OPINION: Bank of Uganda is Soundly Managed

Bank of Uganda is Soundly Managed

By Prof. Emmanuel Tumusiime-Mutebile

The Bank of Uganda (BoU) has recently been in the news and has attracted a lot of criticism in the media. People have a right to be critical of public institutions in a free society and I welcome comments which are constructive and which can help the BoU to improve its performance and its service to the public. Unfortunately, a lot of the criticism aimed at the BoU is highly tendentious and is not supported by objective evidence. Many of these articles such as the recent article in the Independent magazine of March 30 – April 05, 2018, are based largely on unsubstantiated hearsay, and I feel that these should not go unchallenged not least to set the record straight.

There have been claims that the BoU or its Management is guilty of incompetence and is no longer up to the task of executing its constitutional mandate. If we are to objectively judge the competence of the BoU, we should look at how it has performed in relation to its core strategic objectives: controlling inflation and regulating the banking sector to protect depositors and the overall stability of the financial sector. How has the BoU performed in regard to these objectives?

Let us first consider the control of inflation. The BoU has a target to hold annual core inflation to a maximum of 5 percent on average over three years which is normally considered to be a medium term horizon. Over the last three years, from April 2015 to March 2018, annual core inflation has averaged 5.1 percent. That hardly suggests that, in terms of macroeconomic management, the BoU is incompetent.

With regard to the regulation and supervision of banks, I believe that our record speaks for itself. In the last three years, the BoU has had to intervene in three out of the 26 banks operating in Uganda during that period, two of which, Global Trust and Crane Bank, were closed (the third was temporarily taken over by the BoU because of problems in its parent bank in Kenya). In all three cases, the interventions of the BoU followed the procedures set out in the banking laws; the Financial Institutions Act. Because of prompt interventions by the BoU, customers never lost any of their deposits in any of these banks.

Nor was there any contagion to the rest of the banking industry which might have threatened the stability of the financial sector, for example there were no bank runs. Therefore, I believe that it is fair to conclude that the BoU has succeeded in delivering on its core mandate of protecting depositors and the stability of the financial system.

Indeed, BoU has been recognized by various independent continental and global entities. In my capacity as Governor, the American (USA) Biological Institute recognised me as an outstanding contributor to Uganda in 2009. In addition, I was named Central Bank Governor of the Year in Africa by the Africa Banker Magazine in 2011 and by the African Investor Group (Ai) in 2013.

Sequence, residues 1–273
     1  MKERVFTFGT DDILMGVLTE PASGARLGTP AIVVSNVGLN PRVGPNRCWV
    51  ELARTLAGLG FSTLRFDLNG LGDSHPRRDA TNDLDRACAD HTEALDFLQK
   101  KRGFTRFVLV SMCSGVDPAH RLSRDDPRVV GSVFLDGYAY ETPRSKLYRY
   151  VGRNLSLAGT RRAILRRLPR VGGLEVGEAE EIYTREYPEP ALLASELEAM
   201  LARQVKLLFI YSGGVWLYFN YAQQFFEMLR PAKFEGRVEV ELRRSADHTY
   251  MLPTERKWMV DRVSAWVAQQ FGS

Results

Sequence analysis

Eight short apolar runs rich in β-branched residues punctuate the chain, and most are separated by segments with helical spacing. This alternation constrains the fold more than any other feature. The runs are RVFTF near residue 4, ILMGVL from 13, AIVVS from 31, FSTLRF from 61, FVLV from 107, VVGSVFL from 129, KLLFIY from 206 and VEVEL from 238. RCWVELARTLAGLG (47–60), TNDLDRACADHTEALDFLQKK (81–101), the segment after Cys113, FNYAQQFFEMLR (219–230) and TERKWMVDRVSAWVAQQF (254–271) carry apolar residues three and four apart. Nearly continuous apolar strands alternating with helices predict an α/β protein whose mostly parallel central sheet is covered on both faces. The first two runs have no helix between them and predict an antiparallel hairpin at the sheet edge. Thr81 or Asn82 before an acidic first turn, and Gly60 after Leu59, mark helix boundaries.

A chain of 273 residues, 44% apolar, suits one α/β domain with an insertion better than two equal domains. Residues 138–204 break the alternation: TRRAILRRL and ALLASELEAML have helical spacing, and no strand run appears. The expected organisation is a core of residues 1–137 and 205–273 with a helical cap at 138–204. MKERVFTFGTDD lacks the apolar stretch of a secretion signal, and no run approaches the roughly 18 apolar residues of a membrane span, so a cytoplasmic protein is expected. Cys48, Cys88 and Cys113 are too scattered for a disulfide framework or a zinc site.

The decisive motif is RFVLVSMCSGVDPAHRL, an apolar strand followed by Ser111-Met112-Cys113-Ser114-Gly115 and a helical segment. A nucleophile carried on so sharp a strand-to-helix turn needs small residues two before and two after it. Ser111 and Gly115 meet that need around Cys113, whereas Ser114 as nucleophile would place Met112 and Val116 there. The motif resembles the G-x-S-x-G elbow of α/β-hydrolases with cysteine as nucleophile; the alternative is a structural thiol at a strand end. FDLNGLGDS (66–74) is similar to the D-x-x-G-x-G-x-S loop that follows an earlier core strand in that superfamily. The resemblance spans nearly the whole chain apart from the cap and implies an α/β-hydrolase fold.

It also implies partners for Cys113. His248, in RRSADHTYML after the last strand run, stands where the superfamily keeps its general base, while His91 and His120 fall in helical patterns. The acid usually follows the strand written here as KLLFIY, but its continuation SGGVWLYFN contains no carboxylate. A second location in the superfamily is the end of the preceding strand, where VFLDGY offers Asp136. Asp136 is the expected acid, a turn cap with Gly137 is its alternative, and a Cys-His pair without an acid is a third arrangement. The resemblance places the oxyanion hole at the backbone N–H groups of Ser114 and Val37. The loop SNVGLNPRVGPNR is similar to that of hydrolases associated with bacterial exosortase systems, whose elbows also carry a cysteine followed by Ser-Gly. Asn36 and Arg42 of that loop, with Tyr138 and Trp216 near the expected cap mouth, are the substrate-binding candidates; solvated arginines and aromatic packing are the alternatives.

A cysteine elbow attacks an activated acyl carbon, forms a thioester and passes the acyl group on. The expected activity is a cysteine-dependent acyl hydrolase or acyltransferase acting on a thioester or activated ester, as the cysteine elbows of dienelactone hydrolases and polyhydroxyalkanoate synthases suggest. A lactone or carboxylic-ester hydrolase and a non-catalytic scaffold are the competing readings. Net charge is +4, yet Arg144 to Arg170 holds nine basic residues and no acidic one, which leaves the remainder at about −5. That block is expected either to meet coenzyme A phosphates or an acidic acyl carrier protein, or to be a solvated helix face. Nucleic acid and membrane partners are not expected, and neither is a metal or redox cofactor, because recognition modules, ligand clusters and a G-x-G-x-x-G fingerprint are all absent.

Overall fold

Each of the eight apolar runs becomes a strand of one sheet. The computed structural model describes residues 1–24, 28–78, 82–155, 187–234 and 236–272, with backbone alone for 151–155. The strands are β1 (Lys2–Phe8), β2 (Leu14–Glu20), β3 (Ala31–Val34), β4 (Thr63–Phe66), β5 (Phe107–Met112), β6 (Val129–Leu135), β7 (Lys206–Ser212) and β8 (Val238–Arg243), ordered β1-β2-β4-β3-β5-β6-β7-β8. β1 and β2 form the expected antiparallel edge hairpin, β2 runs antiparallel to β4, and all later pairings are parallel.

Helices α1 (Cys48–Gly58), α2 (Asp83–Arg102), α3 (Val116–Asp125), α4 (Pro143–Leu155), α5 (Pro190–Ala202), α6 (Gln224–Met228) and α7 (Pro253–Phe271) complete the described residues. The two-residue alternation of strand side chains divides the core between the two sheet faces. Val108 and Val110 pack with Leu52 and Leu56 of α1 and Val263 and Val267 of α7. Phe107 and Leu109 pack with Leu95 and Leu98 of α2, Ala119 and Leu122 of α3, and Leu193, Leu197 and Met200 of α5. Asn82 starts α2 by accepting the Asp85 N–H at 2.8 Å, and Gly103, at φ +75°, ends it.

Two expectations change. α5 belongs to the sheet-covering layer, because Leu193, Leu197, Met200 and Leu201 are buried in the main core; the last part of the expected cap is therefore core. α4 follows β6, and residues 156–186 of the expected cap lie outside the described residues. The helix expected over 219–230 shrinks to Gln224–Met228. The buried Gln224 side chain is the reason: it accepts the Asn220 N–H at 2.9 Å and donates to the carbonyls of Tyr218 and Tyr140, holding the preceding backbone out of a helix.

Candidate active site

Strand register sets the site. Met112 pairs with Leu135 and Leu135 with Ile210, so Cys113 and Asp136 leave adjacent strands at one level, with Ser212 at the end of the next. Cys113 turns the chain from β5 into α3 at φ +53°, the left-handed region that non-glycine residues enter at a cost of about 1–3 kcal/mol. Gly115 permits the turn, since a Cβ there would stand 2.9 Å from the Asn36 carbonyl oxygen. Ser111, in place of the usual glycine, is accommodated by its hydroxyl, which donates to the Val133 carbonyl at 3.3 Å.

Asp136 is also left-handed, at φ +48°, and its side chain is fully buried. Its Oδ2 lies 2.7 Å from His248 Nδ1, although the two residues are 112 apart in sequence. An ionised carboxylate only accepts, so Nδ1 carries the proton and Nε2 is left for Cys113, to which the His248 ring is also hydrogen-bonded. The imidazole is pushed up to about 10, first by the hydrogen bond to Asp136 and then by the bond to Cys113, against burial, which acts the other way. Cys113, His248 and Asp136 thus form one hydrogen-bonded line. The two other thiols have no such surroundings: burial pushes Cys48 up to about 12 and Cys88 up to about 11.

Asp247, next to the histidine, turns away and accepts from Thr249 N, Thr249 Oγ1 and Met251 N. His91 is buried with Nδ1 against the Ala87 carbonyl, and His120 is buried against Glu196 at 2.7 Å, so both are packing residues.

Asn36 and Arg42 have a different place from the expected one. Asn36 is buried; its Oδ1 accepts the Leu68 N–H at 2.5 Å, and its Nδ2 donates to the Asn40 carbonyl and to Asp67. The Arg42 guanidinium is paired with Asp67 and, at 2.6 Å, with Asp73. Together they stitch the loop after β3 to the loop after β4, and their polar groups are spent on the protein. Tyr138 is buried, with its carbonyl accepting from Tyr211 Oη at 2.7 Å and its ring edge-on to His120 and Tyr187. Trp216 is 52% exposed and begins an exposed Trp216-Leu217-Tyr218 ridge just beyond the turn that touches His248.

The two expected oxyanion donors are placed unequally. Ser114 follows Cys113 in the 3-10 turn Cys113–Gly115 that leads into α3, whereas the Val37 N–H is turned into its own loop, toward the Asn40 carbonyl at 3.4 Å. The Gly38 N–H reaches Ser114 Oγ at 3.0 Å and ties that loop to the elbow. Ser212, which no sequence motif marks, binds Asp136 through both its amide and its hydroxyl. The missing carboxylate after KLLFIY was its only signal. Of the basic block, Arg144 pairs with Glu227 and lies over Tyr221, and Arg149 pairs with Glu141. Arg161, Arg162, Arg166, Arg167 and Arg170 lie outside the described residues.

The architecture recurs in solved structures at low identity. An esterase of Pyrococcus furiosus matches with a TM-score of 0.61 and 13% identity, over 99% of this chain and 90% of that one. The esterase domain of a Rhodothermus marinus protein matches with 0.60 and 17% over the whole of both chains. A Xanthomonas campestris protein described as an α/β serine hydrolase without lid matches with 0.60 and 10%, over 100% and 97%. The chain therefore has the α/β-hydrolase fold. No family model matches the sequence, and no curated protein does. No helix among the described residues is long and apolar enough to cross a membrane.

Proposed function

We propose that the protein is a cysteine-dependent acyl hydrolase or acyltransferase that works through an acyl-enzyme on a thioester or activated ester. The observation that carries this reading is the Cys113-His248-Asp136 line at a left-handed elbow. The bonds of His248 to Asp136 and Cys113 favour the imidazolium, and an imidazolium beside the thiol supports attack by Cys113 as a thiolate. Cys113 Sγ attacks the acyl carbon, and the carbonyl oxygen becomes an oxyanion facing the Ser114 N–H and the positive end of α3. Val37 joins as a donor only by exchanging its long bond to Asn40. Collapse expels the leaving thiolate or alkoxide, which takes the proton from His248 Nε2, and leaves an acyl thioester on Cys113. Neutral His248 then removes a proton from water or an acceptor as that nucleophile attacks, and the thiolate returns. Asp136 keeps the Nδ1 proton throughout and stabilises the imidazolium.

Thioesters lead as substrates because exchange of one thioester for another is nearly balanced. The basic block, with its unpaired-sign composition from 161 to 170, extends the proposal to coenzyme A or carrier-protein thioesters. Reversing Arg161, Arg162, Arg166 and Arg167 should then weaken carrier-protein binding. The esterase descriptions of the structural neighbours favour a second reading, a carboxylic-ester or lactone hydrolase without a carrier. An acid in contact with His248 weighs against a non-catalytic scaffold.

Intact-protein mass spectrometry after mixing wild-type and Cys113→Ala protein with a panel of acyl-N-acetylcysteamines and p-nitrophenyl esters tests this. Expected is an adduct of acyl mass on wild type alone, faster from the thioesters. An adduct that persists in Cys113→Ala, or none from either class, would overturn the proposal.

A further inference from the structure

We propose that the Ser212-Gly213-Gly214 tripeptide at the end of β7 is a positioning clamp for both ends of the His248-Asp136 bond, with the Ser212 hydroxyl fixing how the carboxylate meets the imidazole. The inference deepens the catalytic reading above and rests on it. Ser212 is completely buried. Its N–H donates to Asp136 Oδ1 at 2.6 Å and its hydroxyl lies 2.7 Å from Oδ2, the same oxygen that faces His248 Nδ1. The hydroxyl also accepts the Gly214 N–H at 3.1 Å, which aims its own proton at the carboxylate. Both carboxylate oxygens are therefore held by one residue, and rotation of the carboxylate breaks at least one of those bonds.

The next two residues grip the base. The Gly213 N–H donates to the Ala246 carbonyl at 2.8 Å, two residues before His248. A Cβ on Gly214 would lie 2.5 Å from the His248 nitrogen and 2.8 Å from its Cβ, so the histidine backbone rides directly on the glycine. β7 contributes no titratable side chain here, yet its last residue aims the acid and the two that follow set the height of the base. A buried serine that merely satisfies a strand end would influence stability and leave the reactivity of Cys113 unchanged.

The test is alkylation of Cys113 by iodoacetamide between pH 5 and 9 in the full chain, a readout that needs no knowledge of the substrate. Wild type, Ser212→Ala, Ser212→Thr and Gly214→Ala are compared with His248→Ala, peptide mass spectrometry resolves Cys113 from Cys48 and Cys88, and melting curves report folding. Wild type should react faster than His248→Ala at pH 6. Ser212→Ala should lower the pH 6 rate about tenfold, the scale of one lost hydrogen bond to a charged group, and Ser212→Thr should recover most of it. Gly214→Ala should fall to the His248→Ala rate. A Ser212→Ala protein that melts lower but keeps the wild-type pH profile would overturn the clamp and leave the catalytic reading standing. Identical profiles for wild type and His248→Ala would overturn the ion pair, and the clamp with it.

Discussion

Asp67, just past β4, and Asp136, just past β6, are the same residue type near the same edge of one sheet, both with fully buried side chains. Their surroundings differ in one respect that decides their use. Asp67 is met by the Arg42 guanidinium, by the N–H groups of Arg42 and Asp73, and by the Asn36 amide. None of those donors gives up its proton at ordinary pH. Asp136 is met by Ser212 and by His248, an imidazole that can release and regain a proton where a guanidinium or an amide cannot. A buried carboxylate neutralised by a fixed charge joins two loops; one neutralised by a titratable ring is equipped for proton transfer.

There are also allegations that the Deputy Governor or other staff could have acted singlehandedly and with personal interest in the resolution of Crane Bank or in executing their technical or administrative responsibilities as designated by the Board. Such claims betray a clear lack of understanding of the established processes within the BoU and with other stakeholders within Government regarding the Bank’s mandate. The BoU and Government broadly, has in place robust systems that ensure that we are all held to the highest possible levels of integrity. Such accountability systems include regular audits by the Internal Audit department of the BoU, Statutory audits by the Auditor General, forensic audits whenever commissioned and parliamentary inquiries which are fully complied with whenever instituted.

I would also like to refute the allegation made severally by the Independent magazine that I, my Deputy and other senior officials “fight each other”. I continue to count on the confidence and support of my Deputy and all other members of the Board of Directors, Executive Directors and staff. Yet again, this type of unfounded speculation betrays a misunderstanding of how the BoU is actually managed. As in all well managed institutions, decisions in the BoU are not taken by individual staff on their own, but through a committee structure and set policies and procedures which have been established by the Board of Directors.

I thus categorically dismiss all contents of articles such as that published in the most recent Independent magazine with the contempt they deserve. I would hope that readers of serious journalism could expect something rather more substantial than anecdotes and speculation, but sadly media outlets such as the Independent magazine can no longer be relied on to live up to these expectations.

Finally, there are set mechanisms for addressing any contradictions within the course of our public duty. Therefore, any BoU staff acting outside these avenues and is found to be culpable in fomenting allegations, intrigue or undermining established management processes, shall be subjected to the Bank’s disciplinary proceedings.

Prof. Emmanuel Tumusiime-Mutebile is Governor Bank of Uganda